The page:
PACE has shared the preliminary finding of voter registration survey and voter list monitoring with International Communities on February 13 at Parkroyal Hotel in Yangon.
Please download the report here;
Press Release: Preliminary Findings of Voter Registration Survey
February 13, 2017
In late January, PACE conducted a survey of citizen perceptions of the voter list and voter registration process throughout the areas that will conduct by-elections on April 1. Below are some of the survey findings.
Awareness of By-election
The voter turnout is one of the major concerns on by-elections. Therefore, PACE enumerators tried to gauge the level of awareness of the people in the by-election locations.
● When PACE enumerators asked if they were aware that by-elections will happen in April in this township, almost two thirds (62%) of the respondents said they were aware about upcoming by-elections. More respondents from urban areas (68%) are aware than from rural areas (54%), and male respondents (70%) are more aware than women respondents (54%).
Door-to-Door Voter Registration
Last November, the Union Election Commission (UEC) conducted a door-to-door voter list update in the 22 townships where by-elections are scheduled. PACE’s survey assessed citizens’ perception, engagement and opinion of the door-to-door process.
● PACE enumerators asked “In November last year, the UEC conducted a door-to-door update of the voter list. Did you hear about it?” Two thirds (65%) of the respondents said that they had heard of it. When it comes to urban and rural, respondents from urban areas (73%) are more aware than respondent from rural ones (55%), but there is no different between male respondents (66%) and female respondents (65%).
● When PACE enumerators asked “During the door to door update, was your household visited?”, a majority of the respondents (55%) said that their household had been visited. Less than half of the respondents (45%) in rural areas said their households were visited, compared to almost two thirds (62%) in urban areas.
● When PACE enumerators asked “If your household was visited, was any of your information on the voter list updated during the door-to-door visit?” nearly all (92%) of the respondents said they did not make any changes. There was no significant gap between urban and rural, and women and man.
Awareness, information sources and citizen intentions regarding the Vote-List Display
During the voter list display for the 2015 elections, only a small number of people visited their local election sub-commissions to check their information1. This might also be a concern for upcoming by-elections. Therefore, PACE enumerators gauged citizens’ awareness of the voter display process for the upcoming by-elections in April.
● When PACE enumerators asked “The UEC is planning to conduct a display and update of the voter list in February. Have you heard anything about the voter list display?”, only four out of ten respondents (41%) were aware of the display, but roughly half (51%) were not aware.
● When PACE enumerators continued asking “How did you hear about the voter display?”, 39% of the respondents said they received information from television. While respondents from rural received information more from television (44%) and radio (21%), respondents from urban received information from television (39%) and newspapers/journals (15%).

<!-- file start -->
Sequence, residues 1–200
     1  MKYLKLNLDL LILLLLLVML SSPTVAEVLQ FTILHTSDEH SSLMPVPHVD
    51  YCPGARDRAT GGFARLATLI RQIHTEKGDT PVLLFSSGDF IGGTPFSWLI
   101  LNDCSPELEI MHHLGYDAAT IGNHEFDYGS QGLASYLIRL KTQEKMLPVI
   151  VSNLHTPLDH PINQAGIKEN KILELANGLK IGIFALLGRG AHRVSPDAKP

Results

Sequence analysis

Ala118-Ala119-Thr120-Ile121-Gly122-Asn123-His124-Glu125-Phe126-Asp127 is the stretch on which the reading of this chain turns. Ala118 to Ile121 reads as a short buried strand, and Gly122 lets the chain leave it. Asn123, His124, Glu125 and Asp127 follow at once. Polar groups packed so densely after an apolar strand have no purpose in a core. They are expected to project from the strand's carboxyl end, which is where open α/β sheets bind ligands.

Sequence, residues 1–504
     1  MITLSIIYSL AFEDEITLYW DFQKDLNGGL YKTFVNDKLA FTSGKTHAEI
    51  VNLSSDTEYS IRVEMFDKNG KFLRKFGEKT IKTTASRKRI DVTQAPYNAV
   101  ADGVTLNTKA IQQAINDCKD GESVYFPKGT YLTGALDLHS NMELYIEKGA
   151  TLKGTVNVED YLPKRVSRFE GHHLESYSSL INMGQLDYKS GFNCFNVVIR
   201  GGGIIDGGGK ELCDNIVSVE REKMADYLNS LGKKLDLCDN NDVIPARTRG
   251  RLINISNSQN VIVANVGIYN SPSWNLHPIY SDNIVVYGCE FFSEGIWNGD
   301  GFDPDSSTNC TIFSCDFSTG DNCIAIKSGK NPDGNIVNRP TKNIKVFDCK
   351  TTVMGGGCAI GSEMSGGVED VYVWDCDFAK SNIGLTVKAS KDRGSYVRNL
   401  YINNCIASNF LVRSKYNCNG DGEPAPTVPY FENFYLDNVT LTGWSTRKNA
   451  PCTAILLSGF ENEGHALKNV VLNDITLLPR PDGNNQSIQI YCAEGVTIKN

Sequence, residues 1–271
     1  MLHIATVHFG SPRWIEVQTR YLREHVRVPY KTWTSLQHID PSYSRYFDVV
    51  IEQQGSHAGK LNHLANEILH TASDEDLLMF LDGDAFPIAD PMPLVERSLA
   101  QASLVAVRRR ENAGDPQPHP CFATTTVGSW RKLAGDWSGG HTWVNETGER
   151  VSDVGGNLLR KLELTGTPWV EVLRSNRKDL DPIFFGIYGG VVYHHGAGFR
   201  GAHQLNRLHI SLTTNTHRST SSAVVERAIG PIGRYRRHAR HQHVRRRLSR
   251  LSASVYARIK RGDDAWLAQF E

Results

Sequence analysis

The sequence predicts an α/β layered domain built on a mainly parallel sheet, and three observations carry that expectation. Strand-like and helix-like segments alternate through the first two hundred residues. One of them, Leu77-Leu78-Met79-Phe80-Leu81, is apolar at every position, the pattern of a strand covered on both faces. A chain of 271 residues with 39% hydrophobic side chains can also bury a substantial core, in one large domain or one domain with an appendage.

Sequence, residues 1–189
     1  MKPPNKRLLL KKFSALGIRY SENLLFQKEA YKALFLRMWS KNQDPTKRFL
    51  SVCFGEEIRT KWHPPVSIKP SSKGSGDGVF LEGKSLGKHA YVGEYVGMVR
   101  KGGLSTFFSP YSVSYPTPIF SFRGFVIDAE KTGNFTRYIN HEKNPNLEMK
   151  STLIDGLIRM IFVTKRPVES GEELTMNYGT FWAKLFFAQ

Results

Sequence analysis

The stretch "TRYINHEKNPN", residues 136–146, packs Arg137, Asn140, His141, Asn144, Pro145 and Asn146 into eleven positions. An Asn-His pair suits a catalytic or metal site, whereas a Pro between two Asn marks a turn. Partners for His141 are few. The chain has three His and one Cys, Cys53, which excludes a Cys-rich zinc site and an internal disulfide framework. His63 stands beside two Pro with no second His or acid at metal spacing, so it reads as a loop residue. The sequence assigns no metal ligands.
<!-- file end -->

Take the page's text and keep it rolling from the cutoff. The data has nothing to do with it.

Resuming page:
● When PACE enumerators asked “Do you plan to check your voter list information?”, almost two thirds of the respondents (63%) said they planned to check their information at the list display. When PACE enumerators continued asking “Why are you planning to check your information on the list?”, nearly half of the respondents (45%) said they were “not sure if name is on the list”.
● When PACE enumerators asked “How do you plan to verify your information?”, more than four of each five respondents (85%) said they are planning to check their names at the display location, while only one in 25 respondents (4%) planned to check online. When PACE enumerators asked “Do you know where to check your information on the voter list?”, nearly half of the respondents (46%) said they did not know where they need to go for checking their names.
Perception of the voter list
To understand the perception and opinion of the people on voter list and updating process, PACE enumerators asked if they thought that they were on the list or not and how did they get on the list.
● When PACE enumerators asked “Do you believe that you are on the voter list?”, three of every four (respondents (75%) said that they believed that they were on the list; 15% said they didn’t know.
● When PACE enumerators asked “How did your name get on the list?”, a majority of the respondents (58%) said it had been added automatically. This perception was stronger in rural areas, where it was held by almost three of each four (72%) citizens, compared to roughly half (48%) in urban areas.
● When PACE enumerators asked people who believed their name is on the list “Is your name on the list in this location or somewhere else?”, almost nine out of ten (88%) said that they were on the list at their current location. While most rural respondents (95%) believed that they were on the list at their current location, the proportion was lower (82%) for urban respondents. When PACE enumerators asked “Why is your name on the list in another location?”, nearly half (48%) of the respondents answered that they were “temporary residents for work”.